Within this classification, premature cycling and late cycling can be found. The first one is defined and caused by a programming the shortest MIT in relation to NIT. This situation stablish that MV finishes the inspiratory phase before the patient and, depending on NIT intensity or duration, may cause interruption of a peak expiratory flow and the start of a new respiratory cycle. This asynchrony can cause the presence of DT and generate greater lung injury due to "volutrauma" (Supplementary Figure 1C).
In late cycling, MIT is longer than NIT, thus, the MV will continue to deliver flow to the respiratory system at the same time that the patient has already ceased his inspiratory phase [39]. Consequently, during the end of the respiratory cycle, an increase in airway pressure and, in some cases, an increase in peak expiratory flow may be observed. The persistence of this entity can trigger a lung injury due to “barotrauma” (Supplementary Figure 1D).
In those patients where the cause of the mechanical respiratory assistance has been resolved, and they are stable from the respiratory and hemodynamic point of view, it is suggested to use a spontaneous ventilation modality in order to avoid the appearance of asynchrony. On the other hand, patients who require moderate or conscious sedation (Richmond Agitation-Sedation Scale -2 or -3) without the need for a neuromuscular blocker (assisted modality), could have variability between both neural and the mechanical times, giving rise to asynchrony. It is important to prioritize NIT over MIT taking into account the RR and inspiratory time. Likewise, observe "coupling" once the parameters have been adjusted, avoiding a low or high TV, CO2 retention or the appearance of a new asynchrony.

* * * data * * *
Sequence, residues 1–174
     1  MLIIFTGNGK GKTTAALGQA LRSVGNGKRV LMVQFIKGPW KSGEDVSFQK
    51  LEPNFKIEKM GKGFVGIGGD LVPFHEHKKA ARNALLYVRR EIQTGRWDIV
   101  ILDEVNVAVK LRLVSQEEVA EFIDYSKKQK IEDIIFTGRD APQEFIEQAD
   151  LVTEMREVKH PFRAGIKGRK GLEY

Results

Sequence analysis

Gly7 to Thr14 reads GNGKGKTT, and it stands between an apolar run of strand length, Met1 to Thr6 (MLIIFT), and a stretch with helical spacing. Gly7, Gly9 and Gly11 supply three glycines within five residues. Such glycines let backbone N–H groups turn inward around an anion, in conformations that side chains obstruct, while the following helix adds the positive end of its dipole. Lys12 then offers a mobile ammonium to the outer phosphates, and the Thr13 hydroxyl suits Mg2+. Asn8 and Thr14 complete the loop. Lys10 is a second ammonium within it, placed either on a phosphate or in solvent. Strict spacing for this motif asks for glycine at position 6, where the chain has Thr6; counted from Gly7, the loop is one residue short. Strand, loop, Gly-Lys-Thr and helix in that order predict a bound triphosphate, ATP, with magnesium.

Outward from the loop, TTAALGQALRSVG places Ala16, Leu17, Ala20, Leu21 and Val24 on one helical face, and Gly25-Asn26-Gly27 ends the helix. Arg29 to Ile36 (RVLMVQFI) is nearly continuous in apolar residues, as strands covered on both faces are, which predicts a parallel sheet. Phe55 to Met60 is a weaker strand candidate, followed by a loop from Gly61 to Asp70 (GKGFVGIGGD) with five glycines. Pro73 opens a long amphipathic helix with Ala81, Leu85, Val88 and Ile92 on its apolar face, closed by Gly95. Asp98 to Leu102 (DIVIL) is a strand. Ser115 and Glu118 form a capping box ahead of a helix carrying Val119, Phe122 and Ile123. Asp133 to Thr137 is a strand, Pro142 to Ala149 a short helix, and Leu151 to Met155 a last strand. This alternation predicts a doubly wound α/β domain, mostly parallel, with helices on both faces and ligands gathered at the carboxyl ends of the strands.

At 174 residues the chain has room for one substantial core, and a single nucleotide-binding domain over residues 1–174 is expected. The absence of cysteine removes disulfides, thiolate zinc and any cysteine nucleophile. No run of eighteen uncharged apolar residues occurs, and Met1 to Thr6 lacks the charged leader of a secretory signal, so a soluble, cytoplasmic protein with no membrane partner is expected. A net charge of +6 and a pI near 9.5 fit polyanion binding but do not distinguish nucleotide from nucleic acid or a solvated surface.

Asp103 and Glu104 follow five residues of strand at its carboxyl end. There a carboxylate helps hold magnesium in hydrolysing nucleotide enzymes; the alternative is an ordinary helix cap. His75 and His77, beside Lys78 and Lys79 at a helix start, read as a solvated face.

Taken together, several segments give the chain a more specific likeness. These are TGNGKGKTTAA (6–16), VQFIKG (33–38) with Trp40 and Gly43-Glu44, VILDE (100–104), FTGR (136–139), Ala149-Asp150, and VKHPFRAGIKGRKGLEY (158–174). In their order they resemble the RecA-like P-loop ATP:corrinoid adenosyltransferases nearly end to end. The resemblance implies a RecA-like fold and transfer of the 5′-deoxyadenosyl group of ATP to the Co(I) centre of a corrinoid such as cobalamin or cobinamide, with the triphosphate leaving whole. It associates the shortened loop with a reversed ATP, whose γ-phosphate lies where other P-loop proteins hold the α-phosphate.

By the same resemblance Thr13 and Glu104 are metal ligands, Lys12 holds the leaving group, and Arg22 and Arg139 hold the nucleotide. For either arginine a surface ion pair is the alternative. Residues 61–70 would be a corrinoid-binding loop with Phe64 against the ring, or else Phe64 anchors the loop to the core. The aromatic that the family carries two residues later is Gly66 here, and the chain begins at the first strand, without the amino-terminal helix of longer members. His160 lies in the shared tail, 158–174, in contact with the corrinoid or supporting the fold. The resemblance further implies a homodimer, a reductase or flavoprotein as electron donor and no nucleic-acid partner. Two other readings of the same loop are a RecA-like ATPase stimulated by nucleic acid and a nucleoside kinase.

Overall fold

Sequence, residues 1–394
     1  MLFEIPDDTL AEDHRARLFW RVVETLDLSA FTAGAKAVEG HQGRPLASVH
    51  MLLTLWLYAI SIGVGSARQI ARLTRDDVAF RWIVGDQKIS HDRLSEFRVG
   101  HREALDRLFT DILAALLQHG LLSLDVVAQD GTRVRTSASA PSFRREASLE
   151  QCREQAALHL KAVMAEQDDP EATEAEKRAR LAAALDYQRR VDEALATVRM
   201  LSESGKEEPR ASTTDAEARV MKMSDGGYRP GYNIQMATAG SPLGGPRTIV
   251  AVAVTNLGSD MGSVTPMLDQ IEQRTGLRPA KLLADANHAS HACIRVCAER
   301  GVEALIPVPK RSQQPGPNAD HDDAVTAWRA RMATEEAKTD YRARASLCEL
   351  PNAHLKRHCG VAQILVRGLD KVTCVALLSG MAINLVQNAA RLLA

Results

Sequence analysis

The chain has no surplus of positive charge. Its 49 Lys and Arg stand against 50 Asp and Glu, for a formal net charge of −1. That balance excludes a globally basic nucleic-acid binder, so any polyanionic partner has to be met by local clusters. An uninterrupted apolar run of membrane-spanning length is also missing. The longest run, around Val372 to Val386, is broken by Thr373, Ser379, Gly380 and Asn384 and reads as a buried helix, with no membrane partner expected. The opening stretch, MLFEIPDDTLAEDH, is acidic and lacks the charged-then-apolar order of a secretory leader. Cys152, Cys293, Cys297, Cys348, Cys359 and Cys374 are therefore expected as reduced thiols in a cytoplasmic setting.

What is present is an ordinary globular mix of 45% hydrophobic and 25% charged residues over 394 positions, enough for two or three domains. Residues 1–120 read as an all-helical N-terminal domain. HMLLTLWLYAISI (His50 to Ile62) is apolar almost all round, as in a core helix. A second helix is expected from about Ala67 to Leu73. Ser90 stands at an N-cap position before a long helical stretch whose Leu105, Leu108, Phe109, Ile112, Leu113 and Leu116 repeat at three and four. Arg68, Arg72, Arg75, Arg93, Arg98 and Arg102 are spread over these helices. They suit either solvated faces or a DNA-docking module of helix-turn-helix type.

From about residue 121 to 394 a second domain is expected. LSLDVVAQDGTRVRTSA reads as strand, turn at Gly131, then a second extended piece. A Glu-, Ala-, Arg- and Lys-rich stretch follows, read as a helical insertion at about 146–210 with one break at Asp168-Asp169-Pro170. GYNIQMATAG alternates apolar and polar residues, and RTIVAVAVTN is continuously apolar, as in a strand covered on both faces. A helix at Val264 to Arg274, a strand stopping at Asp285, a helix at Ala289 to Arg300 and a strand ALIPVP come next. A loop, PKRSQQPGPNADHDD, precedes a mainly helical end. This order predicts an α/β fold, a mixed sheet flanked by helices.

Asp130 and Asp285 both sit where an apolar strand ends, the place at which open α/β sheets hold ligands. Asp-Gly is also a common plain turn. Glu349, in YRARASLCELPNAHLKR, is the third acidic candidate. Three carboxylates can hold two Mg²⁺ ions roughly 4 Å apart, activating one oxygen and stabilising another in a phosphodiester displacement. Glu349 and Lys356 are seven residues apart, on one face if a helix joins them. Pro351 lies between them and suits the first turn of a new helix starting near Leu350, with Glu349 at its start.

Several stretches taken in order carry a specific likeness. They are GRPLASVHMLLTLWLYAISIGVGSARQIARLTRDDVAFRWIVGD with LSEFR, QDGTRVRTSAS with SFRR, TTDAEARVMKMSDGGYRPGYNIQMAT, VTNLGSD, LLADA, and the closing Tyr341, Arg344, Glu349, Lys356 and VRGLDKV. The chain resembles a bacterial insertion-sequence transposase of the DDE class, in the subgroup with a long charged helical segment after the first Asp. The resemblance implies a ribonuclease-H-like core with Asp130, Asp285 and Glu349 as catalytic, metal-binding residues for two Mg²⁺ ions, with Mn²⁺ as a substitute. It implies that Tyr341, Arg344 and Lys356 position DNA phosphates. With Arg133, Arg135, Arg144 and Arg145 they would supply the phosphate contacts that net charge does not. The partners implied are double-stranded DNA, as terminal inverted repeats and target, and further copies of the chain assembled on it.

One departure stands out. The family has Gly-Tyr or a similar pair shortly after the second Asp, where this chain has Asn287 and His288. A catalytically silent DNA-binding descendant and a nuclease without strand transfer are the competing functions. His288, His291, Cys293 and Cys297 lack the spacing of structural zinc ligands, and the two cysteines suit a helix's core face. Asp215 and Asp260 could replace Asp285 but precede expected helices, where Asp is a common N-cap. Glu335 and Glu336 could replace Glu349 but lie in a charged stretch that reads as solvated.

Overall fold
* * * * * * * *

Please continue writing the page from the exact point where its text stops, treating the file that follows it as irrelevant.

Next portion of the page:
Recently, a reported case [4] described a patient with contraction of the abdominal muscles during the expiratory phase and, before the cessation of this activity, the start of a new respiratory cycle (initiated by the ventilator) without initial activity of the diaphragm, which is later activated. Under normal physiological conditions, expiration is a passive process, secondary to the retraction of the lung tissue and the cessation of the concentric contraction of the diaphragm. However, this situation is not always observed: sustained and maximal contraction of the expiratory muscles, for example, can bring the lung down to its residual volume, shedding the expiratory reserve volume (ERV). As a consequence, to return to the normal functional residual capacity, it’s necessary to reincorporate ERV by expanding the thoracic cage to equalize pressures with the lung, generating a negative pressure that, if intense enough, will trigger a new cycle in the MV, leading to asynchrony.
The diaphragm action, as described, will be activated lately, showing a mismatch between the start of the mechanical ventilatory time and the start of the neural inspiratory cycle. Possibly, the diaphragm will be activated by a reflex mechanism initiated after the "rebound effect" that returns the system to its equilibrium point. Thus, a double respiratory cycle is observed (Supplementary Figure 1G).